When the atoms are smashed together and combine, neutrons are released. These stream out of the reaction chamber and can be used to heat a liquid, probably water, to create steam. This steam in turn could be used to power turbines that would produce electricity, said Alain Brizard, a theoretical fusion expert at Saint Michael’s College in Vermont who was not part of the project.
The entire process produces “an order of magnitude” less radioactive material than a nuclear power plant that splits atoms through fission, he said.
The material of the reactor itself would become slightly radioactive, but with a very short half-life of a few days to a few weeks, unlike the products from nuclear power plants, some of which can require thousands of years to become safe, according to the Nuclear Regulatory Commission.
Fusion power plants could also not have the possibility of catastrophic failures and meltdowns such as can accidentally occur in nuclear plants, as they did in Chernobyl or Fukushima.
With fusions as soon as you turn off the laser, the entire process stops, Brizard said.
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Don’t count on fusion power anytime soon
The road from the tiny experiment in Livermore and fusion powerplants is long, said experts. The process will have to be repeated, tested, scaled up and made economically viable, which will take years if not decades.
“I would say that in the next 20 years we would have a commercially operating nuclear fusion reactor,” Brizard said. Budil on Tuesday put it at perhaps 10 years.
These are going to be big plants — the size of today’s power plants.
“It’s not going to be like Mr. Fusion in ‘Back to the Future II,'” said Bizard, referencing the coffee-can-sized fusion reactor that fueled the DeLorean at the end of the film.
The work is a prime example of the painstaking time involved in getting to scientific breakthroughs. It was decades in the making and is an excellent example of the power of serious, deep, long-term scientific research and development, the kind that can only be funded by the public sector.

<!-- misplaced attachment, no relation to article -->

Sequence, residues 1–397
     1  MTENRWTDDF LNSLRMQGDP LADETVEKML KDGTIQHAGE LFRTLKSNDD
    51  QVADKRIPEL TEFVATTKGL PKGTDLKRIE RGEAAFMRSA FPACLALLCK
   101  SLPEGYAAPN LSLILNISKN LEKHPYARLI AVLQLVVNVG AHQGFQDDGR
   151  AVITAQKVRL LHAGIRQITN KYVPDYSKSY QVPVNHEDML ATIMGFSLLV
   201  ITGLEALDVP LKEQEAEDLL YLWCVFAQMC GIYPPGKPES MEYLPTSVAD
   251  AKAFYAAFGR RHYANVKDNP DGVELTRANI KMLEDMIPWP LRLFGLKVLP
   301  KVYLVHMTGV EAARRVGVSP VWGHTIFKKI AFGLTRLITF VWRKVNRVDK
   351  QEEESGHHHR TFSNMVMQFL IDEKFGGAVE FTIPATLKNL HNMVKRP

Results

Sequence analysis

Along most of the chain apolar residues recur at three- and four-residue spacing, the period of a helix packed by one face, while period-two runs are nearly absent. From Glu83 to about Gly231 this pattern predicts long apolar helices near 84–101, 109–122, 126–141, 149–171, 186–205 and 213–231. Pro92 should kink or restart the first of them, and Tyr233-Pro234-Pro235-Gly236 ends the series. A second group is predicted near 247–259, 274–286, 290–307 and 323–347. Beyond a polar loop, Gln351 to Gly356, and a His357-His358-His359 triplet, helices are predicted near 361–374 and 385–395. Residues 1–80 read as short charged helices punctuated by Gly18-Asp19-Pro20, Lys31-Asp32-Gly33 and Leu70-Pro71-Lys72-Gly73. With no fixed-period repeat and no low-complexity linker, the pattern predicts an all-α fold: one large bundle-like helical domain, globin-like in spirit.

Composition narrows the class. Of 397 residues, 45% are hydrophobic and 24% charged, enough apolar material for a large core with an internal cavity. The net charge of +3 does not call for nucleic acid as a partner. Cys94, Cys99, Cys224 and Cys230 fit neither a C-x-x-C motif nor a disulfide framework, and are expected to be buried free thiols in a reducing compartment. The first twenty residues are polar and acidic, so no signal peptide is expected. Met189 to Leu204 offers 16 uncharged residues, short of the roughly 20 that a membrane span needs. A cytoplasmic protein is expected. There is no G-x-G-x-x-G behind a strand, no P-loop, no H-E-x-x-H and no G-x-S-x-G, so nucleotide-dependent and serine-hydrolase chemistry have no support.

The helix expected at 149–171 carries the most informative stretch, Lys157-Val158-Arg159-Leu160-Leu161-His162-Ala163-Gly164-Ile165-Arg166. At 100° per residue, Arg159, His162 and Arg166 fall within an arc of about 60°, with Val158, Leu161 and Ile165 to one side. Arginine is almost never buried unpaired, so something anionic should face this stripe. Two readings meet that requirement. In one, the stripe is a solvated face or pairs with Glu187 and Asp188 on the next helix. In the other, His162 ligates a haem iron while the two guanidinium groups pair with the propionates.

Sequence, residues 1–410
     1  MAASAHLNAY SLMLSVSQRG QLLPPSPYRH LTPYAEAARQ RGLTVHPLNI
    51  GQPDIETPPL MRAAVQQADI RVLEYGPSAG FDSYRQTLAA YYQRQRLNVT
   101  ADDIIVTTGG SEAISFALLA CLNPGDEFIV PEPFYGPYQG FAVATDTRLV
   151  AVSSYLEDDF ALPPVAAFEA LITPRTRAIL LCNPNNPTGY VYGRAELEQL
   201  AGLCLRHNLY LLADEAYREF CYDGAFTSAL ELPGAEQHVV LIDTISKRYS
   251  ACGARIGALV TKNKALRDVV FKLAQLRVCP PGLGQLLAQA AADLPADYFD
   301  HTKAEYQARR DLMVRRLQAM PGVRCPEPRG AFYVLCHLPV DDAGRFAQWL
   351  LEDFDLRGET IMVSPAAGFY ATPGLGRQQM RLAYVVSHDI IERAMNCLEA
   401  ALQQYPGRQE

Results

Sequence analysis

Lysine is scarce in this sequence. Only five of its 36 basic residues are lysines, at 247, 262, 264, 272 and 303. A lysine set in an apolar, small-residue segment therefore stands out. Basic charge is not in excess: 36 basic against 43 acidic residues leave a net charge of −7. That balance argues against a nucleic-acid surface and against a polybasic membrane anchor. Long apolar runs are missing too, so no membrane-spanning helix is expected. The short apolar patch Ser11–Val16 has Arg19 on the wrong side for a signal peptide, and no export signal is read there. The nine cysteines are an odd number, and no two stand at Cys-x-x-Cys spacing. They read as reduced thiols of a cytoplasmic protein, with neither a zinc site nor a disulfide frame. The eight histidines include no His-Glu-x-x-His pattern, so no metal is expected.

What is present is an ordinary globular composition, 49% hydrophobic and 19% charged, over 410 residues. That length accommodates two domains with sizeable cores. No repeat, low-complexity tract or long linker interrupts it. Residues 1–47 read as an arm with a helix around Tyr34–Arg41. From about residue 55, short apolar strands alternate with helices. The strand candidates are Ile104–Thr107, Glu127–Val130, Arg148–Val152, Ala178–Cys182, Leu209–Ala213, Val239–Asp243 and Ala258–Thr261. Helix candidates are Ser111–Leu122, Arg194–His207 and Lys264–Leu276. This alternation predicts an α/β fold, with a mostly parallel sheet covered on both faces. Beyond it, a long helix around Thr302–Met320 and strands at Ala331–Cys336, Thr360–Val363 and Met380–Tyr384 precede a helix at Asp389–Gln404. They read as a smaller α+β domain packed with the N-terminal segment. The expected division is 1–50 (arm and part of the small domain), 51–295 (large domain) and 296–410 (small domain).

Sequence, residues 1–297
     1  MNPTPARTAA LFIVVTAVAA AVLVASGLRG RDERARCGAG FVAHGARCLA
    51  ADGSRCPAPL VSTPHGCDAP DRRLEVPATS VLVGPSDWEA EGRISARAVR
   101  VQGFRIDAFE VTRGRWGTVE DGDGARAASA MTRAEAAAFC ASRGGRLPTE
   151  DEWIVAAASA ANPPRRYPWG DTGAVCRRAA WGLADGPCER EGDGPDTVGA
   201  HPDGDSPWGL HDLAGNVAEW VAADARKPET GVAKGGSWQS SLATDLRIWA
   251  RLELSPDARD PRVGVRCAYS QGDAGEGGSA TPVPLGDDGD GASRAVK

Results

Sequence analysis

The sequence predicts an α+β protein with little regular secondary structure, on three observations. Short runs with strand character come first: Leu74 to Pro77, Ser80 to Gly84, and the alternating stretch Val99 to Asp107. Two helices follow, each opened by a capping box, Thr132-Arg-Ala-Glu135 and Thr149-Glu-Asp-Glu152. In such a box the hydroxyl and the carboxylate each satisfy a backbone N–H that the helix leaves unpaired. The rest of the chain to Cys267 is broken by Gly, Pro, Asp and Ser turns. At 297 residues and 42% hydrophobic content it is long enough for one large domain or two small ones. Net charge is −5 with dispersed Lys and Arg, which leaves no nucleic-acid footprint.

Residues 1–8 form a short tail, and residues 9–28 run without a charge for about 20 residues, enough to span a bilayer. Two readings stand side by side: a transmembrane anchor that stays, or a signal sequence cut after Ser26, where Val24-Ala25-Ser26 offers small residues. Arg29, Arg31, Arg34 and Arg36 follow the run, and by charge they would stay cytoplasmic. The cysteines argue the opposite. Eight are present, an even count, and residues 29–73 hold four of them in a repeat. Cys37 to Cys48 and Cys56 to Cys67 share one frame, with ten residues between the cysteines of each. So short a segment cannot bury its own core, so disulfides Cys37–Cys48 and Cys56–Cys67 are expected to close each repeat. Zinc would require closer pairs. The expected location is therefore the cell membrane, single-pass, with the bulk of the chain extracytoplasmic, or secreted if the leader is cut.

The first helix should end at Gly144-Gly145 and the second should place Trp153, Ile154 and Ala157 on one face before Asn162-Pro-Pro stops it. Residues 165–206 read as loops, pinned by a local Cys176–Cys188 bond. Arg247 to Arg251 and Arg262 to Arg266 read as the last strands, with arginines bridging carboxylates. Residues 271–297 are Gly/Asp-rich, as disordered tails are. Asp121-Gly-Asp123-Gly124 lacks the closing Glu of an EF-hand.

“The science and technology challenges on the path to fusion energy are daunting, but making the seemingly impossible possible is when we’re at our very best,” said Budil. “This is how we do really big, hard things.”
, a physics professor at the University of Wisconsin at Madison.
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What this means for climate change and renewables
The breakthrough is not the answer to climate change and doesn’t mean work to shift to carbon-neutral energy production can stop.
“There’s no chance that this will be commercialized by 2030 and we have to cut our country’s emissions 50% by 2005 levels by then if we hope to keep temperature rise at a relatively safe level,” said Michael O’Boyle, director of electricity policy at Energy Innovation.
The world will need to stay focused on adding more diversity to the global energy mix, like deploying already mature carbon-neutral technologies such as wind, solar, hydro and nuclear, and continuing to explore emerging technologies like geothermal power and offshore floating wind.
“This is definitely good news that we’ve got another potentially promising option in the long run but we’re just going to have to wait and see how things go,” O’Boyle said.
Contributing: Karen Weintraub
Story Credit: usatoday.com